Helping Children When A Family Member Has Cancer: Dealing With Diagnosis

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Should I expect my child to be upset?

Some children become very upset when learning about a new cancer diagnosis, while others act as if nothing is wrong. The goal is to give the child a balanced point of view. The child should realize that cancer is a serious—but not hopeless—illness.

A child’s emotional reaction to this news will depend on many things, including how the information is given to them and the child’s experience with illness. It’s important for parents to choose a time when they are feeling fairly calm to talk to their children. In a 2-parent household, it’s a good idea for parents to talk to their children together. For single parents, it may help to ask an adult relative or friend who is a stable, consistent influence in the child’s life to be with them if they’re feeling a bit shaky about the talk. If people are feeling upset or unsure about what to say, it might be better to wait until their emotions are a bit more under control. That is not to say that parents need to pretend that there is nothing to worry about. It’s OK if their kids see them crying sometimes. Parents can admit that this is an upsetting time, that cancer is a scary disease and that it’s OK to have strong feelings about it. But none of this means that the family won’t be able to handle it.

Sometimes parents worry about showing unpleasant emotions in front of their children. They may worry this will scare the children. Or they may fear that their grief, anxiety, or pain will somehow affect their child’s ability to cope with the illness. In the media and from others, you often get advice to keep a “positive attitude.” While it’s true you might be better able to handle cancer and its treatment when you are able to look at things in a positive light, that is not always possible. When people try to deny the very real feelings of fear and sadness, which are a part of any cancer diagnosis, the effort often just doesn’t work. The energy it takes to hold in “bad” feelings can make coping much harder. For many people, a grieving process starts with a cancer diagnosis. It’s normal to be sad and upset after being told you have cancer. It often feels as if nothing will ever be the same. Patients grieve for the loss of safety and predictability in their lives, and for the future that may not turn out as planned. When they face these feelings, it’s much easier for them to work on having a positive mindset the rest of the time about the challenges ahead.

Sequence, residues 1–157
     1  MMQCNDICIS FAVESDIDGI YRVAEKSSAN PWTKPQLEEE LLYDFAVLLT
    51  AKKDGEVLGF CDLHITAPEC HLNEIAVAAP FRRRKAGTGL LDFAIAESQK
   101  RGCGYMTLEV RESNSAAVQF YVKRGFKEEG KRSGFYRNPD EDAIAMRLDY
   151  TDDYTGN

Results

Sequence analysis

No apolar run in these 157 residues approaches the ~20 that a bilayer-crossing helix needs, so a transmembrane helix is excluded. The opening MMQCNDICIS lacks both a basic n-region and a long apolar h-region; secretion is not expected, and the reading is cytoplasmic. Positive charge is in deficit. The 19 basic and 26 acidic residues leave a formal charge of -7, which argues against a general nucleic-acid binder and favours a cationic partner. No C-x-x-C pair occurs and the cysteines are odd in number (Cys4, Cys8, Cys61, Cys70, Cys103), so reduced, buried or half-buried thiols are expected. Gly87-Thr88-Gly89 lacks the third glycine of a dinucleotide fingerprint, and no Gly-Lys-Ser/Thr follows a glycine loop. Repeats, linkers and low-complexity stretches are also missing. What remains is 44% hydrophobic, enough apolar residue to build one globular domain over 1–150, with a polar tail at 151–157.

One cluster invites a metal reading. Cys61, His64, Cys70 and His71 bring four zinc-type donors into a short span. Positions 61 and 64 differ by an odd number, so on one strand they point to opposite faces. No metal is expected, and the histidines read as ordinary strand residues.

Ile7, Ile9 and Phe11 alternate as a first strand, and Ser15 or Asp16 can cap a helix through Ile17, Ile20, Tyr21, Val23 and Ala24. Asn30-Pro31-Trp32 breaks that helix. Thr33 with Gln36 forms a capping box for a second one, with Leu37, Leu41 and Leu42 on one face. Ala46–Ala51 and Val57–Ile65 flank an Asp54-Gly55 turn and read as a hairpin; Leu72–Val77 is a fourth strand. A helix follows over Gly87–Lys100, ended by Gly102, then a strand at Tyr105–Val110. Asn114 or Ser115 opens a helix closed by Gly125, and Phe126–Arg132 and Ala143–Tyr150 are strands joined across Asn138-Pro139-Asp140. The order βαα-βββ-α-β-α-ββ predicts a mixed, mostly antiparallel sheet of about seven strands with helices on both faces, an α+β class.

No one wants to alarm their children by being hysterical. But there’s nothing wrong with shedding a few tears when your family has a crisis.

Parents can tell their kids that there will be times when they will need to cry, because that can help them feel better. Parents can assure them that at some point they won’t need to cry about the situation, but it’s OK to express all of their feelings. Everyone deals with problems in a different way, and it’s fine to feel angry or sad as long as you don’t use these feelings to hurt others. It’s important for parents to give themselves permission and time to figure out what’s best for them and each family member.

If other family members have died from cancer in the past, children may assume that will happen again. It may help for parents to explain that there are more than 100 different kinds of cancer, and there are many kinds of treatments. The kids need to know that all patients respond differently to treatment and have different outcomes for the future. Make sure they understand that each person is different, and just because Grandpa died 5 years ago doesn’t mean the same thing will happen now. Cancer treatment changes from year to year and better treatments are being tested all the time. Even though no one can predict the future, more people are approaching cancer treatment today with new hope.


Last Medical Review: 07/20/2012
Last Revised: 07/20/2012